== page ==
That’s 24m x 200 = 4.8bn engagements pa

A reasonable rate for single advertisements might be $6, or more, as a CPM (link to wiki you will see lower amounts referenced also eg google it but at certain times of the yar it could be over $10). More than one ad can be on a page, sometimes the ads wont be shown at’s complicated. But 6 is not unreasonable for IMO.

So the annual revenue that STRAVA could get from advertising at those engagement points might be 4.8m (not bn) x $6 (CPM) = $28m pa (rounded down)

This is where someone will say “STRAVA have promised never to show ads

This is where I say : $28 million per year. Straight on the bottom line, pretty much. *

Sounds a lot. Maybe none of the VCs have thought of that 😉 Maybe my calcs are wrong? I’ve probably assumed too high a level of active users but perhaps too LOW a level of active engagement for each ofthose users. Also the $6CPM could easily be made higher with an INTRUSIVE level of ads which, of course, paying STRAVA users would nbot see. Anyway; it’s going to be more than the extra million or so from fiddling around with the price of STRAVA Premium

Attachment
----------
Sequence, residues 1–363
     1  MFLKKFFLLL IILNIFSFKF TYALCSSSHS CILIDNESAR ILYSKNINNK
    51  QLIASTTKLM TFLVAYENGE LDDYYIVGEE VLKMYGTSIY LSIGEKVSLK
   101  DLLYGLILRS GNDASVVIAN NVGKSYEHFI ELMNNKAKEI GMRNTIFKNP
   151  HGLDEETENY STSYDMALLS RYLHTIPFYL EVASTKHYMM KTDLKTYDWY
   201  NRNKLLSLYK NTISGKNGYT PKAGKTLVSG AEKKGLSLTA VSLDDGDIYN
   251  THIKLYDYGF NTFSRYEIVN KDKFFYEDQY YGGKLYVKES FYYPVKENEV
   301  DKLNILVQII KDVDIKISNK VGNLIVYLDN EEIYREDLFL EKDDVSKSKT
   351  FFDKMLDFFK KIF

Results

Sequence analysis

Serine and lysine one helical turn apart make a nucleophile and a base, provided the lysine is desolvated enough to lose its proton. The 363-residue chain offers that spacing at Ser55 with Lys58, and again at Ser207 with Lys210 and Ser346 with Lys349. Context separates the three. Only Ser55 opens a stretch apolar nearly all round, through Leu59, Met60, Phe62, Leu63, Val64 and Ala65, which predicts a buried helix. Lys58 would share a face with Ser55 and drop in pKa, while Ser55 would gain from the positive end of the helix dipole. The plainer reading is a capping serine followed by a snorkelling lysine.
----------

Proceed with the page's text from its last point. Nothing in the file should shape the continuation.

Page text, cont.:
So there you have the future for STRAVA. It’ll be something like Facebook. But with a power meter.  Maybe Facebook would even buy it.

Of course, as with Twitter (and FB), the trick is to find the right time and right way to introduce ads so as not to deter the community developing to reach the critical mass required to ensure its own longevity.

Or Nike will buy it. I’ll hedge my bets.

Or they will do an IPO. Done it again. I love topiary.